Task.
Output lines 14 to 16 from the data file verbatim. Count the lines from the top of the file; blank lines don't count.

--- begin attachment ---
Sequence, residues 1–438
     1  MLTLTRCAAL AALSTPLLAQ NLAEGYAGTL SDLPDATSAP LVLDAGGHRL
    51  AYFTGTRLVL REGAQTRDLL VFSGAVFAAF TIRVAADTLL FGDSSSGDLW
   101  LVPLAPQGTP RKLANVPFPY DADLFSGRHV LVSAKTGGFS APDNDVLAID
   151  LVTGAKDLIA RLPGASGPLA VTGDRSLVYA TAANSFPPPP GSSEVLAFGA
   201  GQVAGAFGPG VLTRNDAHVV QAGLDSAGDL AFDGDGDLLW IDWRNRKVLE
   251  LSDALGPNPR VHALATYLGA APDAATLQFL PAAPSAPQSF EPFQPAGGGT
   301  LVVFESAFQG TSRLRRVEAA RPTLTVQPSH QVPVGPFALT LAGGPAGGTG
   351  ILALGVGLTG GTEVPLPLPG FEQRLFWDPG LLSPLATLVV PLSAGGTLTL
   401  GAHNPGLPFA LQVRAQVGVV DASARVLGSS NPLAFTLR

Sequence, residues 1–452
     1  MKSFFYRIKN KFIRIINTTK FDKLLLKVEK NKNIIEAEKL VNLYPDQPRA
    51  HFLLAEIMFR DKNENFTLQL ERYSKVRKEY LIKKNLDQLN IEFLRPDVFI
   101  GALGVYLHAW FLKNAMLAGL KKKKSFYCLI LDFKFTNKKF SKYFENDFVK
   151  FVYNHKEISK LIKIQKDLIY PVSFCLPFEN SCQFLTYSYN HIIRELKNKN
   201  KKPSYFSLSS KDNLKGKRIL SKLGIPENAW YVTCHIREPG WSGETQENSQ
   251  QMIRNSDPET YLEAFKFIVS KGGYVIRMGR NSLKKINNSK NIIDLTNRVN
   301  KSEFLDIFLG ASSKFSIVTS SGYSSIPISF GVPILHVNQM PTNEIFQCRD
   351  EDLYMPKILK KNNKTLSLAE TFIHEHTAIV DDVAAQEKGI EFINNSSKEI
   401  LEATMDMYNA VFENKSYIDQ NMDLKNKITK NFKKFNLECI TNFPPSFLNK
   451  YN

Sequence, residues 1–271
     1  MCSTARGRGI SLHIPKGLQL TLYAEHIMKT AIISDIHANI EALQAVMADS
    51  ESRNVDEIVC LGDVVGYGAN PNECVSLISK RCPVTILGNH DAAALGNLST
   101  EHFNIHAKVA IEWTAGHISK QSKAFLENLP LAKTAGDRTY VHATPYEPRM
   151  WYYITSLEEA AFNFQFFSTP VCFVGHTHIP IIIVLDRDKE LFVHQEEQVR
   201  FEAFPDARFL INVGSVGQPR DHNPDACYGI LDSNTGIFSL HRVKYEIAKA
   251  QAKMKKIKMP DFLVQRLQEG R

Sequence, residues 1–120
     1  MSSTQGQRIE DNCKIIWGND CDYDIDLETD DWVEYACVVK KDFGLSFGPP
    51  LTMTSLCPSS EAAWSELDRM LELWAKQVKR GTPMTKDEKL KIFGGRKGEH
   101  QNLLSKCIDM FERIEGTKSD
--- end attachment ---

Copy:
   101  GALGVYLHAW FLKNAMLAGL KKKKSFYCLI LDFKFTNKKF SKYFENDFVK
   151  FVYNHKEISK LIKIQKDLIY PVSFCLPFEN SCQFLTYSYN HIIRELKNKN
   201  KKPSYFSLSS KDNLKGKRIL SKLGIPENAW YVTCHIREPG WSGETQENSQ